I am James Simas. Welcome to my blog. I write about tech and stuff I find interesting.

Configuring a Git pre-push hook to run unit tests

A coworker turned me onto this lovely technique the other day. You can use a git pre-push hook to run all of your Golang unit tests before pushing. To do this, make a the following file: $YOUR_REPO/.git/hooks/pre-push The file must be executable. The file’s contents should be: #!/bin/sh if ! go test ./... ; then echo echo "Rejecting commit. Unit tests failed." echo exit 1 fi Easy peasy.


How to care for your Invisalign braces

I wore Invisalign braces from January of 2022 to early 2023. They require a lot of brushing and maintenance while wearing them. Here’s a few things I did along the way which made that easier. 1. Create brushing stations You’re going to brush and floss a lot. (Like a lot.) Anytime you eat or drink anything besides water you must remove the Invisalign trays, brush your teeth and trays, and then floss....


Using git worktrees

Have you ever been developing on a feature branch and needed to look at a separate branch on the same repo? I have. When this happens, I normally do one of two things: git stash my changes and change branches This is annoying because it’s a lot of steps. I also have to remember which stash to pop when I come back to this branch. Stage all my changes and store them in a work-in-progress commit This is better than #1 but doesn’t let you view both branches simultaneously....


How my digital life is backed up

Derek Sivers recently wrote a post explaining how he backups his computers. His post inspired me to improve my own backup strategy and also to write this post. My computer I only have two personal computers whose data I care about; my Macbook Pro and my wife’s Macbook Air. The strategies for backing these up are the same, so I’ll just talk about my computer. It has a lot of important things: files, videos, photos, personal code, and more....


Running a subset of Go tests

It is often useful to run a subset of the tests in a Go project. You might do this because you only want to see test results for one package or to run tests faster. For these examples, assume your project is a Go module named examplemodule. It has the following structure: examplemodule |_ go.mod |_ go.sum |_ internal |_ foo | |_ foo.go | |_ foo_test.go |_ bar |_ bar....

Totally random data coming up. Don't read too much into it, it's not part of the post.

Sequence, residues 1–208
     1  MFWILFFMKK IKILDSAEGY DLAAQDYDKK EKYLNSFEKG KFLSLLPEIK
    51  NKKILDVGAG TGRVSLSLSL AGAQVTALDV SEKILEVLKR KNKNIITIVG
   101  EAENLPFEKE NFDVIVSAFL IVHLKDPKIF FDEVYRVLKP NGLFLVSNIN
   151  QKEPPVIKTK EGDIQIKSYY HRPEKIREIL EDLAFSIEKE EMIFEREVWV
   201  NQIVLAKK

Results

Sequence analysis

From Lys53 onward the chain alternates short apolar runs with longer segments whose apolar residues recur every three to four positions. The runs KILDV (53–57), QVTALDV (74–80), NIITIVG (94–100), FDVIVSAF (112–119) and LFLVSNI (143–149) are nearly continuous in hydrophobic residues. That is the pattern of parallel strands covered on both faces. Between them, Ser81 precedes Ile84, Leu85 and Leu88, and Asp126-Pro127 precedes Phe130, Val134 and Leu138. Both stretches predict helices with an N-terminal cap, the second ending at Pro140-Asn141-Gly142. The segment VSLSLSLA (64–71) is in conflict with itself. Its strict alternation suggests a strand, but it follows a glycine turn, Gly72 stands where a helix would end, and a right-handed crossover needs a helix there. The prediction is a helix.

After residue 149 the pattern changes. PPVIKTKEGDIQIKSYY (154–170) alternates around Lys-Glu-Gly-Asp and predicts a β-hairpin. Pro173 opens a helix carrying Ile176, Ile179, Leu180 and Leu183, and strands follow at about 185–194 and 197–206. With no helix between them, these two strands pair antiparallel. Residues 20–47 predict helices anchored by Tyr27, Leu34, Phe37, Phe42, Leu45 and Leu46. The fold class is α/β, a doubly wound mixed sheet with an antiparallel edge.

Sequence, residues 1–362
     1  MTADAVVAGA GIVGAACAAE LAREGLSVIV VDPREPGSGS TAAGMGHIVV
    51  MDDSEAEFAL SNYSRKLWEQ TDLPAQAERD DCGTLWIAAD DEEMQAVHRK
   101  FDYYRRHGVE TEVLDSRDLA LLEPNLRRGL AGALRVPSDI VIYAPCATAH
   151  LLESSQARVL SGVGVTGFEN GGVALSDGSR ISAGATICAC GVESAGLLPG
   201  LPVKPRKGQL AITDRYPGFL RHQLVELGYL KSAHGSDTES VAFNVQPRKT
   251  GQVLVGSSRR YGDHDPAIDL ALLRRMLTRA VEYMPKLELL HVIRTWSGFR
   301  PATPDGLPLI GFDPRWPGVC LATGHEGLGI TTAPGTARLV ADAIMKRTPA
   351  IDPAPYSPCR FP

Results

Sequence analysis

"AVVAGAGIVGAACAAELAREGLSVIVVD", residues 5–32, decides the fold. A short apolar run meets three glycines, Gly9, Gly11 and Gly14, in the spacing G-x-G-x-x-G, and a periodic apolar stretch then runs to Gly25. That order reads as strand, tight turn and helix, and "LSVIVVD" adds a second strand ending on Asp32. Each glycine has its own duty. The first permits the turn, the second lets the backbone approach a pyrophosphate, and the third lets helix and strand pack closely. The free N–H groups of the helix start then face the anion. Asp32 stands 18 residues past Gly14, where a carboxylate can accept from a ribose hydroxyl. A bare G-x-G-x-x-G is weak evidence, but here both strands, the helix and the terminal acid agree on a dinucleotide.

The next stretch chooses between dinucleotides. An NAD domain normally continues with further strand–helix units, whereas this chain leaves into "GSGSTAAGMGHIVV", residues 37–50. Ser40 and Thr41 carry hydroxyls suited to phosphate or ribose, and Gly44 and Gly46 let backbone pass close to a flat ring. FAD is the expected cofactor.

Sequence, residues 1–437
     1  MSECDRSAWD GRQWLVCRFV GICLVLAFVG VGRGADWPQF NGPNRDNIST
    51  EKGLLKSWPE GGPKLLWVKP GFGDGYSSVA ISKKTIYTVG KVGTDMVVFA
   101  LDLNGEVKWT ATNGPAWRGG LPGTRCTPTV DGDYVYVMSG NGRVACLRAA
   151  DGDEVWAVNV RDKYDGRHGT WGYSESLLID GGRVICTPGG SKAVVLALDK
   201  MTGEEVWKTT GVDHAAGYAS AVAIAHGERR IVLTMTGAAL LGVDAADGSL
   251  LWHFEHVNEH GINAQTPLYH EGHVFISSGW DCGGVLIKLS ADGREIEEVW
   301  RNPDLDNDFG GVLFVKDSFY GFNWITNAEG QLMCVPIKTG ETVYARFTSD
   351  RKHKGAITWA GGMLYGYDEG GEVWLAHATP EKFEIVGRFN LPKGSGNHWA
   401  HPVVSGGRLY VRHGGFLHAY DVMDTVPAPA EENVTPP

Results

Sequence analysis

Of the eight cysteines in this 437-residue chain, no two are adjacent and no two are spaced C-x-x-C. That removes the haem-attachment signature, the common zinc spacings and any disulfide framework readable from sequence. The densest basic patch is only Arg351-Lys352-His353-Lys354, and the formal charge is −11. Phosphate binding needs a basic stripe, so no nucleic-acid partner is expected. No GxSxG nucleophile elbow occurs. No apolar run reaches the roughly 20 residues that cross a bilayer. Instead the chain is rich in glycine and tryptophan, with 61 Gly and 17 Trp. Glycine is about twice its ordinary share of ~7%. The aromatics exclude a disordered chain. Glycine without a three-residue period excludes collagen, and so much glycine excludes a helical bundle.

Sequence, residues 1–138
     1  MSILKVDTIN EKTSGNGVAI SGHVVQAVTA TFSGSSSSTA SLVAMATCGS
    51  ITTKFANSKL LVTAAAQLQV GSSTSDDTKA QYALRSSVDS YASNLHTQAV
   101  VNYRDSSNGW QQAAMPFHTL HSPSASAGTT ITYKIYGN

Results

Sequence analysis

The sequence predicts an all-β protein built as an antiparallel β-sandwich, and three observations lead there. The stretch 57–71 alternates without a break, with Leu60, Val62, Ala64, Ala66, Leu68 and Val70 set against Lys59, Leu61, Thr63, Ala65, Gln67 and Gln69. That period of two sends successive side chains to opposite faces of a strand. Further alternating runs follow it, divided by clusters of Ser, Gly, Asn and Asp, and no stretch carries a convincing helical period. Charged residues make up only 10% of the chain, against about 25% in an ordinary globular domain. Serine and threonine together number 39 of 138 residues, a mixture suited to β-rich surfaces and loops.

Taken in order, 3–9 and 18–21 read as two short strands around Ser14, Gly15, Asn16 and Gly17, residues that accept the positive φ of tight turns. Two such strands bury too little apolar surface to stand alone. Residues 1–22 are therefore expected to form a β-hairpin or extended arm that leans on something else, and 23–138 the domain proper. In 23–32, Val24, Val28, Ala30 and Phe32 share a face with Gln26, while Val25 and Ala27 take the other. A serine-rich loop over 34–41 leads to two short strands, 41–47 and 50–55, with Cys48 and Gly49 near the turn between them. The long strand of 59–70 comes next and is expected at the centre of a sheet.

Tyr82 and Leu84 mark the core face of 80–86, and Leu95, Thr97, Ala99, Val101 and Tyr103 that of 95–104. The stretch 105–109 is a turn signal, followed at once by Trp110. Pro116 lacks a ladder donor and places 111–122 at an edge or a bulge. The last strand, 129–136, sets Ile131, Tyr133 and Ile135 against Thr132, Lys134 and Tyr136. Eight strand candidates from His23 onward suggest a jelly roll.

Max and min integer values in Golang

Today I needed to use the maximum unsigned 64-bit integer value possible in Golang. Here is a short program I wrote with some help from Stack Overflow to help me remember how to calculate these without any dependencies. package main import "fmt" const ( minUint32 = uint32(0) maxUint32 = ^uint32(0) minUint64 = uint64(0) maxUint64 = ^uint64(0) minInt32 = int32(-maxInt32 - 1) maxInt32 = int32(maxUint32 >> 1) minInt64 = int64(-maxInt64 - 1) maxInt64 = int64(maxUint64 >> 1) ) func details[numeric int32 | int64 | uint32 | uint64](name string, num numeric) { fmt....


Using 'git commit --fixup'

I learned something new from Julia Evans today. Git has a --fixup argument when committing files which makes it easy to create fixup commits which can get automatically squashed when rebasing. This is fantastic! I’ve known about git commit --amend for years, but this allows you to fixup commits which are several commits back without manually moving a bunch of lines around while interactively rebasing… Let’s assume you have a repo which looks like shown below....


Go build tags

Today I learned about Go build tags. Here’s some quick notes to help me remember how to use them. Assume you have directory like so: $ ls -1 extra.go go.mod main.go And main.go has contents: package main import "fmt" var numbers = []string{ "one", "two", } func main() { for _, number := range numbers { fmt.Println(number) } } And extra.go has contents: //go:build extrastuff package main func init() { numbers = append(numbers, "three", "four") } If you build without any tags, you get this:...


Using gonew to easily create template repos

Now that I’ve been writing Golang for a while, when I start a new project, I typically know the sort of layout I’m looking for. I typically go for something like this: . ├── cmd │ └── demo │ └── main.go ├── go.mod ├── internal │ └── subpkg │ ├── subpkg.go │ └── subpkg_test.go └── LICENSE And often there are lots of ascillary files that go along with this, like Makefiles, CI/CD config files, Dockerfiles, docker-compose files, etc....


Checking an error's type in Golang

I was not very familiar with checking an error’s type in Golang, so I spent a few minutes learning about it today. It turns out that it’s incredibly easy to do. Running the below code shows the output: 2009/11/10 23:00:00 got custom error: err1 package main import ( "errors" "log" ) var ( customErr = errors.New("err1") // create a error, identified by its var name ) // oops always returns our custom error....